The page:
Posts Tagged ‘audit log’

Remote Reboot Capabilities … Plus a Clearer Picture of Exactly What’s Going On at Your Off-Site Data Center

Monday, November 21st, 2011

The power and reboot control capabilities provided by a remote reboot unit enable network administrators to quickly deal with problems at off-site network equipment cabinets without the expense of a service call and without unnecessary delays while the service team is en route to the remote site. Remote power and reboot control are obviously important functions, but in addition to the reboot functions provided by a basic remote reboot product, some remote reboot units also provide additional capabilities that can help administrators to be kept better informed regarding conditions at the remote network equipment site.


Alarm and Event Logs Make a Console Terminal Server a Powerful Tool for Out of Band Management

Thursday, January 6th, 2011

When something goes wrong at a remote network equipment site, the most immediate and important task is to correct the problem in order to restore network communication. But once you’ve fixed the problem, you’re still left with an equally important task: finding out exactly why the problem occurred in the first place so you can prevent it from happening again. A console terminal server that includes monitoring, alarm and event logging capabilities provides a valuable tool for diagnosing network problems and helping network administrators to ensure that those problems don’t occur again.


Why Does a Console Server Need Event Logging Capabilities?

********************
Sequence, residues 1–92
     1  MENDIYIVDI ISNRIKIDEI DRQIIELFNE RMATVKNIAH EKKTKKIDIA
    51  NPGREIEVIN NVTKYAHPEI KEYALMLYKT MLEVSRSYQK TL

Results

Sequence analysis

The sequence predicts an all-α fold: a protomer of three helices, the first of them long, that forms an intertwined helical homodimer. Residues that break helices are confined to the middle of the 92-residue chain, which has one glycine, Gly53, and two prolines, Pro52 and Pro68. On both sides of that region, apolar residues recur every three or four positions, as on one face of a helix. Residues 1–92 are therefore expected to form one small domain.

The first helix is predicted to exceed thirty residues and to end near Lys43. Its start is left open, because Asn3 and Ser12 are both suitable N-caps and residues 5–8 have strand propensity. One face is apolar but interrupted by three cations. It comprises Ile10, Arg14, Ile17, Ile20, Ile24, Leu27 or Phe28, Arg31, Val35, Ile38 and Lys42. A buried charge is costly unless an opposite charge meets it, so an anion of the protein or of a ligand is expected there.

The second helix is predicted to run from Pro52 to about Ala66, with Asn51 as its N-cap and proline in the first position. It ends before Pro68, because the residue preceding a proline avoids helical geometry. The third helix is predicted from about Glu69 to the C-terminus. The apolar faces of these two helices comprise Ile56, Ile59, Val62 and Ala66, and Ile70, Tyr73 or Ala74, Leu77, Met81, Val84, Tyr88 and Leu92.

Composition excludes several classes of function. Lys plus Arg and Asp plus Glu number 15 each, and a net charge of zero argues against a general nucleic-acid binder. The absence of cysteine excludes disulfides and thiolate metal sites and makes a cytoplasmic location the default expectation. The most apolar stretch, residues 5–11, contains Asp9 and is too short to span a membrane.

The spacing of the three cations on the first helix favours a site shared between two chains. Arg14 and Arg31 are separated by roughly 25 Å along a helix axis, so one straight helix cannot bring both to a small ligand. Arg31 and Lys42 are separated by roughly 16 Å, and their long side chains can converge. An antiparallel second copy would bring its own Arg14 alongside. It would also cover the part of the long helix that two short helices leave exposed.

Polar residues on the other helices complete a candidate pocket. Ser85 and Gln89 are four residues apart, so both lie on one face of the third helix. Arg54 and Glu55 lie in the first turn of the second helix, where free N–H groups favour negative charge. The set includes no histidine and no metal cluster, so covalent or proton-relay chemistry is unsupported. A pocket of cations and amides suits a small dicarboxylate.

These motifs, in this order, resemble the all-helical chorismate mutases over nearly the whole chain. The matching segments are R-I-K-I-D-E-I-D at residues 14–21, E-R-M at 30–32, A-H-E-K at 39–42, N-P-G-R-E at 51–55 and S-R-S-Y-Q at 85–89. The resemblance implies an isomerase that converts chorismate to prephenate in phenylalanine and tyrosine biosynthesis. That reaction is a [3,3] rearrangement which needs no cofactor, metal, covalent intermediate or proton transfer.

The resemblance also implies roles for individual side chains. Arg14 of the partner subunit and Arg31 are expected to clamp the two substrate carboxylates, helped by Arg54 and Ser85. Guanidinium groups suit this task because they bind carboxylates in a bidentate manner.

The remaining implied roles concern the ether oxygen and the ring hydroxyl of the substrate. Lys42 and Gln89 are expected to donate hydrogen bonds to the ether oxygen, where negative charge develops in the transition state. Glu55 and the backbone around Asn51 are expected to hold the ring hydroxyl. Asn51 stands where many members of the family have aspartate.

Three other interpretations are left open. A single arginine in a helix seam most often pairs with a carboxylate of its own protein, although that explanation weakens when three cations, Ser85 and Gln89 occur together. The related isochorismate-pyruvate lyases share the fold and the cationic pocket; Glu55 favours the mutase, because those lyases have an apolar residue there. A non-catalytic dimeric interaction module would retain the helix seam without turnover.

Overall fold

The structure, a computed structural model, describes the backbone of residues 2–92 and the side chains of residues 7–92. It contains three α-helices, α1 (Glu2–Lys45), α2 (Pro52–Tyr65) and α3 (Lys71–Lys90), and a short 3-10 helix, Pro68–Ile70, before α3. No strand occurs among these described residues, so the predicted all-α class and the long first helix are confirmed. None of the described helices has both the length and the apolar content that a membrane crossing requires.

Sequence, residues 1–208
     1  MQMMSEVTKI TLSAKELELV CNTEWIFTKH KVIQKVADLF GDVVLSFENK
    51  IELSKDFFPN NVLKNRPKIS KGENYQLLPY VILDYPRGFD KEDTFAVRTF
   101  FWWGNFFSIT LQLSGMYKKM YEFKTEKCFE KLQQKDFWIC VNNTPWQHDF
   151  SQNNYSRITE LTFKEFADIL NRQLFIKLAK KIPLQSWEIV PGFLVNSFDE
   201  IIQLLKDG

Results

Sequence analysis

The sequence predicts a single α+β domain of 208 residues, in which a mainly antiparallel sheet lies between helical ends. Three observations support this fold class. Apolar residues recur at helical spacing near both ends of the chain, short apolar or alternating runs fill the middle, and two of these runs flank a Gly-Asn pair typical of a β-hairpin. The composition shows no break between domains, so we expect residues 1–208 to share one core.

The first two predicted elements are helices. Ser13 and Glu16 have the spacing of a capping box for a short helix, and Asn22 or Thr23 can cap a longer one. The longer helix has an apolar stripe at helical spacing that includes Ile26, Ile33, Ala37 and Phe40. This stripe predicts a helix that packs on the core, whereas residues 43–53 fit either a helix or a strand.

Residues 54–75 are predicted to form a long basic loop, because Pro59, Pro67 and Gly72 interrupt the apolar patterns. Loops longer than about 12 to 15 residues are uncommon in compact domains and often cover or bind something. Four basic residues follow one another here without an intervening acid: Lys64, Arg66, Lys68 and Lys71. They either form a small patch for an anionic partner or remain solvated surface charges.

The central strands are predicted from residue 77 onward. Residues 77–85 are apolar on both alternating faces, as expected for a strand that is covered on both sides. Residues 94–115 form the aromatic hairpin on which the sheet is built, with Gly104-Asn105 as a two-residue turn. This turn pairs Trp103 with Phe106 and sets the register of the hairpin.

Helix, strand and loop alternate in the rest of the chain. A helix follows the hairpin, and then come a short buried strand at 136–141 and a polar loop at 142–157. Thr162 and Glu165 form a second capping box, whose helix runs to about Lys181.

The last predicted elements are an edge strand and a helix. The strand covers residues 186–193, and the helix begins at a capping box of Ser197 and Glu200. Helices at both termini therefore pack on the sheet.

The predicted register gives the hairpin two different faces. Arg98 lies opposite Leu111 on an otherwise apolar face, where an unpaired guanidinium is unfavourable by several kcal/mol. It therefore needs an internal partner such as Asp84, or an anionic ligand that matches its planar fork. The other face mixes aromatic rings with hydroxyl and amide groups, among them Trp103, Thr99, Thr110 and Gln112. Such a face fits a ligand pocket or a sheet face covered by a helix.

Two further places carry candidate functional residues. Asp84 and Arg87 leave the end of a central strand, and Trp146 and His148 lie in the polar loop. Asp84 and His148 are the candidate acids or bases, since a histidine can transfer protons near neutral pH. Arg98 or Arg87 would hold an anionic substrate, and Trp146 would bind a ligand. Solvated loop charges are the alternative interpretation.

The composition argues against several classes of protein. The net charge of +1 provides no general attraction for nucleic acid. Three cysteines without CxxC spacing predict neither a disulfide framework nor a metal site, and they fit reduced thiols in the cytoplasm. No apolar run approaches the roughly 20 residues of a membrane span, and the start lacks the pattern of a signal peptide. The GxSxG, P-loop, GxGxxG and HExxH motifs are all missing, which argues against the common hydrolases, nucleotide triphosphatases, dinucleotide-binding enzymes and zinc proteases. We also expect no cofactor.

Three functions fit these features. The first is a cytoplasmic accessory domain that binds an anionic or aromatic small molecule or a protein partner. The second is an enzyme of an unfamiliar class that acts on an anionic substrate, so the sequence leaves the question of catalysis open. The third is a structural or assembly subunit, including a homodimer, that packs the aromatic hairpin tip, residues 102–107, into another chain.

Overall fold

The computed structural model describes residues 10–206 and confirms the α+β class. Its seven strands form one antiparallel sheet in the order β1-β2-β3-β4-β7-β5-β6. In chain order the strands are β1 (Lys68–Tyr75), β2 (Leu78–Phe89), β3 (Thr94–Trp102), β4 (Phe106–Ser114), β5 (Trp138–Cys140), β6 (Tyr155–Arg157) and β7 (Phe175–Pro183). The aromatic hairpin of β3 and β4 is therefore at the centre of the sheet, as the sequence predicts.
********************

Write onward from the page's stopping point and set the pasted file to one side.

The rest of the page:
Wednesday, July 28th, 2010

For data center managers, it’s very important to know exactly what’s going on inside of their equipment racks at all times. If a device fails to respond to a ping command, your IT personnel need to know about it right away; if rack temperatures rise to troublesome levels, they need to know about that right away too. Although a console server with intelligently designed alarm functions, such as WTI’s RSM and TSM series console server products, can help to alert you to relatively major events like failed ping commands and high temperatures, what do you do if you want to know about less noteworthy events such as command activity, temperature trends and previous alarm activity?


What Can You Learn from WTI Console Server Log Files?

Thursday, June 17th, 2010

WTI’s TSM and RSM series console servers both feature three different types of event logs: the audit log, the alarm log and the temperature log. Each of these three logs is used for a different purpose, allowing you to review recent events and activity at your serial console server. The data in these logs can be used to create an audit trail, to track environmental conditions, to learn more about alarm events and also to determine which user did what when.

Access to all three of these logs is restricted to users with supervisor or administrator level command access, allowing you to use the console server’s user directory to determine which accounts are allowed to review, download and erase log data. In addition, all three event logs can be configure to send records via Syslog whenever a log entry is generated.